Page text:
There was an appetite for forming seminarians and new clergy to work synodally in their parishes, which would contribute to reducing issues of clericalism, widely regarded as a barrier to synodality.  

There was a desire for pathways to pastoral ministry for lay people to be clear, accessible and encouraged. Spiritual and pastoral formation of lay people was seen as a priority as more and more lay people took up leadership roles.  

There was also a desire for ongoing discussion about the ordination of women and a need for greater clarity around the consideration of women for diaconate roles.  

There was a call to address the shortage of parish priests, particularly Australian-born priests. Further discussion was sought around ordination, including priestly celibacy, vocations to ordained ministry and consecrated life, the recruitment of clergy from overseas and the assistance of priests from other Australian dioceses.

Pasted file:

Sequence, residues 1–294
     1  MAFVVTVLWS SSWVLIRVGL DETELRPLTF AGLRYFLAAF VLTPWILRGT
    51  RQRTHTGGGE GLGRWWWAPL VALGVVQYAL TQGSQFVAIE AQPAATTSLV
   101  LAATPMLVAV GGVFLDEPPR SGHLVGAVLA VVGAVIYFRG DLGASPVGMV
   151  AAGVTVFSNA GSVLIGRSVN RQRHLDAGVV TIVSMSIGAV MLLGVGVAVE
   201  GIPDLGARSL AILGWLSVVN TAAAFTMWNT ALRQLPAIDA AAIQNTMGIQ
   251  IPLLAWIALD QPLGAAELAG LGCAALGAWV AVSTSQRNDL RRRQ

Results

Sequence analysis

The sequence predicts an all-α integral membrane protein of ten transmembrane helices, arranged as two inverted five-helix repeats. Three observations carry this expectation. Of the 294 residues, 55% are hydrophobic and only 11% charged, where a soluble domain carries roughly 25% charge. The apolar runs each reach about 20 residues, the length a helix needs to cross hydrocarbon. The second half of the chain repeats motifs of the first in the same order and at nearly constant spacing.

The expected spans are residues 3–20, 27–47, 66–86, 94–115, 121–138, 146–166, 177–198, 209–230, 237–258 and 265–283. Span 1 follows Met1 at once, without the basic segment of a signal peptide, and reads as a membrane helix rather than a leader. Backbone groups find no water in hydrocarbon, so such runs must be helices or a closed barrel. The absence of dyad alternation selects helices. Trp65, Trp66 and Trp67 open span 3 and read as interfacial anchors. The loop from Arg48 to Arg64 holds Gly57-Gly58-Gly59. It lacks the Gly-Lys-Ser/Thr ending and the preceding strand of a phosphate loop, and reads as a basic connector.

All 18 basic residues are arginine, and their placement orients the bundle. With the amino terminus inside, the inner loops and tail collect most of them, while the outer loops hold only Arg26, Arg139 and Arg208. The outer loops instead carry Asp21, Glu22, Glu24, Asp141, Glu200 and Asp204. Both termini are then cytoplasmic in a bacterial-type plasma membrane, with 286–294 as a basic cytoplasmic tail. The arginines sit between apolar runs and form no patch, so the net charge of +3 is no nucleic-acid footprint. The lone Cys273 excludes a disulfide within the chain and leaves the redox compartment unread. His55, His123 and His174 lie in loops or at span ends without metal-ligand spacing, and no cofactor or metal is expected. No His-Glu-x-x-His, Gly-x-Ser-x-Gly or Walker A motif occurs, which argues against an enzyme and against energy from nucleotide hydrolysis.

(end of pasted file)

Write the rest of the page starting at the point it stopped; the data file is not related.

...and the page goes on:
Involvement of diverse groups in decision-making 

 While the hierarchical model of decision-making in the Catholic Church can be beneficial, it is recognised that it can also have negative implications which can be the antithesis of synodality.  

In all areas of the Church, there was a desire for greater confidence that decision-making processes would be inclusive, transparent, responsible and accountable. The actions of those making the decisions needed to reflect synodal values, which would lead to greater synodality. There was a need to ensure all voices were heard and respected in decision-making.  

9 Key Themes on Mission